[coreboot] superiotool sometimes skips further SuperIO chips in the system - suggested remedy included
dhendrix at google.com
Tue Dec 28 23:51:31 CET 2010
On Tue, Dec 28, 2010 at 4:13 AM, Frantisek Rysanek <
Frantisek.Rysanek at post.cz> wrote:
> Dear maintainers of the superiotool,
> I have the following "feature request" (maybe not a bug report):
> I have this idea that superiotool should be able to detect more than
> one SuperIO chip in the system. Such detection of multiple chips may
> work in some cases, but may fail in others.
> The primary cause seems to be that
> winbond.c :: probe_idregs_winbond()
> ite.c :: probe_idregs_ite()
> if (chip_found) return; // this is a global variable!
> after every "init sequence" tried.
> Therefore, after the first chip detected (of any kind),
> only the first init sequence is ever tried, in any subsequent calls
> to the aforementioned probe_* functions.
> My immediate hack was to comment out all occurrences of
> if (chip_found) return;
> in those probe functions.
> Makes me wonder if this has some adverse effects, such as repeatedly
> scanning some EFER bases / init sequences by probes belonging to
> different chip families.
> And my conclusion for the moment is that this repeated probing should
> be harmless, and that the current behavior (stop after the first init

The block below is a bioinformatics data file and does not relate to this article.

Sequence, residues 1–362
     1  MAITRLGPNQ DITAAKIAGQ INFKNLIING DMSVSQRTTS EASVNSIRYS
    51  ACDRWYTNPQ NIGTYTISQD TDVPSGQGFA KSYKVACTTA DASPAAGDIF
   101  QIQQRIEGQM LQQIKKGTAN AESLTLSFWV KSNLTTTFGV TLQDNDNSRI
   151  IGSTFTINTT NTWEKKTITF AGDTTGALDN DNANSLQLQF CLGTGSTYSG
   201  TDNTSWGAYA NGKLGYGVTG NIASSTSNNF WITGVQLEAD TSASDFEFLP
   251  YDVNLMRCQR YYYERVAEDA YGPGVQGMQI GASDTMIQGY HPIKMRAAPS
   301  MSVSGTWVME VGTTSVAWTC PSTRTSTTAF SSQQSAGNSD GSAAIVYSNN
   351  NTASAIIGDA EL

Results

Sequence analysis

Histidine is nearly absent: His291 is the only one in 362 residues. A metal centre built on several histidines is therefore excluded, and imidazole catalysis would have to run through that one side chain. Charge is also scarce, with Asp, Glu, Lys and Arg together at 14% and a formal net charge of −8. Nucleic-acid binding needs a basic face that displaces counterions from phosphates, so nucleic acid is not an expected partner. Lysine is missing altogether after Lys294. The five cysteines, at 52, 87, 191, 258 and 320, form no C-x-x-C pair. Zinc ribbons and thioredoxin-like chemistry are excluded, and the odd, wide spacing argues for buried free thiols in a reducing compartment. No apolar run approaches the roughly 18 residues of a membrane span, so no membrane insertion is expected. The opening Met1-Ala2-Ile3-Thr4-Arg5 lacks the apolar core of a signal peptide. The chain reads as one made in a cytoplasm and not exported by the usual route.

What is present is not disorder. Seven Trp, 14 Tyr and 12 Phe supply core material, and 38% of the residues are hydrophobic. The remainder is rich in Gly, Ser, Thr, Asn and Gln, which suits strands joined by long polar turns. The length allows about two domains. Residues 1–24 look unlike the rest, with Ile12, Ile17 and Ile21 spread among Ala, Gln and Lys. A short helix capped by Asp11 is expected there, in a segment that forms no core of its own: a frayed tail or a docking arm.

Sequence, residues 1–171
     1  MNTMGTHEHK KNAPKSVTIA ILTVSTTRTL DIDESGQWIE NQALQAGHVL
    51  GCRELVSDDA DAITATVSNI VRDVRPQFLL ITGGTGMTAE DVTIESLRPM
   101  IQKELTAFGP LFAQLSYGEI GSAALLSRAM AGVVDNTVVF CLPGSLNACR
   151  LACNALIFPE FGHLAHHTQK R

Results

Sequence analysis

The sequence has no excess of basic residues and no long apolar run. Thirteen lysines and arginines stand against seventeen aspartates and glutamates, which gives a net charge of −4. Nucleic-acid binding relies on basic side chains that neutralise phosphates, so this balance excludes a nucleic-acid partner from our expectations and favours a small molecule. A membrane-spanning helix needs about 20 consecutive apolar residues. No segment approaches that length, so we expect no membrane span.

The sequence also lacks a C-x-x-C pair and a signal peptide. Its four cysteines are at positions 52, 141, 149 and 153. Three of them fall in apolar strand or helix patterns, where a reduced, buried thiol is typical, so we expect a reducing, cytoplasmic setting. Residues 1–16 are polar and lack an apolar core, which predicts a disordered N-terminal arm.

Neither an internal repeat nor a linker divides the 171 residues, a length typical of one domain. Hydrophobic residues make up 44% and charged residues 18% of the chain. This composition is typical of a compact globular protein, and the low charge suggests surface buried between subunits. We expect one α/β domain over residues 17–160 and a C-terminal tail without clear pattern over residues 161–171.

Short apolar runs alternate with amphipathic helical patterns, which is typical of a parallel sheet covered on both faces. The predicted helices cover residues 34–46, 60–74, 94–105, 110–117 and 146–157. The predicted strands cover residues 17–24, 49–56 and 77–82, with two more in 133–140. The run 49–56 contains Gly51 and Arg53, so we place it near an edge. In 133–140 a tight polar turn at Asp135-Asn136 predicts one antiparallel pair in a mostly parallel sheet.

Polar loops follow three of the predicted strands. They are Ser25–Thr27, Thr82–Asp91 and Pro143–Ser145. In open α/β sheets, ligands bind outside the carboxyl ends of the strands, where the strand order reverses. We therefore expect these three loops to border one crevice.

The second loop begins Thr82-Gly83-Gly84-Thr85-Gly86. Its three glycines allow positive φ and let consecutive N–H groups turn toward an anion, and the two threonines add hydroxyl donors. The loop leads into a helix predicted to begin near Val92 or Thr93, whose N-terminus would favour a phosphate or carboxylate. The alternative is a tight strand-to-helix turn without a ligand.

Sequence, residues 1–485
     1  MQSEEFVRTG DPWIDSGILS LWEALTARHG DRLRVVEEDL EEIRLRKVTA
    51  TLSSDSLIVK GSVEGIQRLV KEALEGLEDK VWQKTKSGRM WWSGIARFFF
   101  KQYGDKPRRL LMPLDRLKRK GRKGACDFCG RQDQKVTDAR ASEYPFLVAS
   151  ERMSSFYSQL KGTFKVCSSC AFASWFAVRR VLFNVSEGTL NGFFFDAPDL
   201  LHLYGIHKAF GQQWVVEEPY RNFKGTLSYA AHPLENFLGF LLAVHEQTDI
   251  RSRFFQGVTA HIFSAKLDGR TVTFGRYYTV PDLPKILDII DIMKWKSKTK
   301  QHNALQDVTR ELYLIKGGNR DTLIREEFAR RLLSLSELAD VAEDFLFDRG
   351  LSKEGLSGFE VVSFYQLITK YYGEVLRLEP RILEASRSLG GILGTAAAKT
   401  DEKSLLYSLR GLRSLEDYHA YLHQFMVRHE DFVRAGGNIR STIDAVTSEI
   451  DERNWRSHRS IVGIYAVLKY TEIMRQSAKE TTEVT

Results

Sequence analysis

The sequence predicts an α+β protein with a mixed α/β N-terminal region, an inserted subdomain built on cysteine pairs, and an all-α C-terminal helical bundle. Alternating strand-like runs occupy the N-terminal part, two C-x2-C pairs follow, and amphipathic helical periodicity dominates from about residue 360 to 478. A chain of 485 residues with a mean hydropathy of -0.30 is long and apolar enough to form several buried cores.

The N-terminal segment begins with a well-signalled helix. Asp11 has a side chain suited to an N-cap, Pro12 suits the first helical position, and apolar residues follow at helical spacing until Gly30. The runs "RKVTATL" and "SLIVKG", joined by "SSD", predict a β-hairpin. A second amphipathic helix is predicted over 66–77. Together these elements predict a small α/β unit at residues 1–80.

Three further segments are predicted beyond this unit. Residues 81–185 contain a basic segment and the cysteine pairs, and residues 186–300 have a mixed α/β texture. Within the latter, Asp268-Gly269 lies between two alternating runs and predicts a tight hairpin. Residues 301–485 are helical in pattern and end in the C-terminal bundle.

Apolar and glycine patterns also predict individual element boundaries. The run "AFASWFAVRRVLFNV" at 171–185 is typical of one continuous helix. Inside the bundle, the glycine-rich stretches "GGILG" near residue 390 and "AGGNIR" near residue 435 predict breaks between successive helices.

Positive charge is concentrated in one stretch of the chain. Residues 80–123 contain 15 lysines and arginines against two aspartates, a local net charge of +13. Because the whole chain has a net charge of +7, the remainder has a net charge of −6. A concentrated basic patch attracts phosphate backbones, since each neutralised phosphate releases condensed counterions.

> sequence tried) is flawed anyway :-)
Heh, I hacked that "if (chip_found) return;" stuff into SuperI/O tool a few
months ago (
The reason was to avoid duplicate listings. In my specific case, I was
working with an ITE chip that does not need an entry/exit sequence. So when
probe_regs_ite() was called, it would find my chip 5 times and dump its
registers 5 times. Sorry if it's causing you headaches now :-/
I think long-term we should make superiotool more intelligent with regard to
duplicate entries. For example, if a chip has been found at 0x2e, then
superiotool should stop probing devices on port 0x2e and continue probing
devices on ports 0x4e, 0x3f0, etc (as listed in superioto_ports_table). I
think we could accomplish this easily:
- Add a return code to each chip's probe_idregs_* function.
- Update the loop in main() which iterates thru superio_ports_table. If a
probe_idregs_* function returns a specific code to indicate a chip has been
found, then record the corresponding superio port entry and avoid further
calls to superio_ports_table[i].probe_idregs() on that port.
> My motivation is simple: right now I'm working with an embedded PC
> that has two SuperIO chips on the inside: W83627 + W83977.
> But I've seen other models in the past as well.
> Your SuperIOtool is quite useful for a quick overview of the SuperIO
> chips in the system, including a thorough dump of their registers.
> In the past I myself have written and reused some simple snippet of
> code / a tiny library (in DOS) to help me debug/tweak SuperIO stuff,
> but I never got as far as making it truly universal and extensible.
> As for SuperIOtool, I could fancy a writing capability, and maybe an
> external configuration file, potentially allowing for extensions
> without coding in C, maybe human-readable interpretations /
> annotations of the register dump etc - but I admit that's too much
> work to be worth the bother, certainly for me at the moment :-)
> Keep up the excellent work that you're doing...
> Frank Rysanek
> coreboot mailing list: coreboot at coreboot.org
David Hendricks (dhendrix)
Systems Software Engineer, Google Inc.
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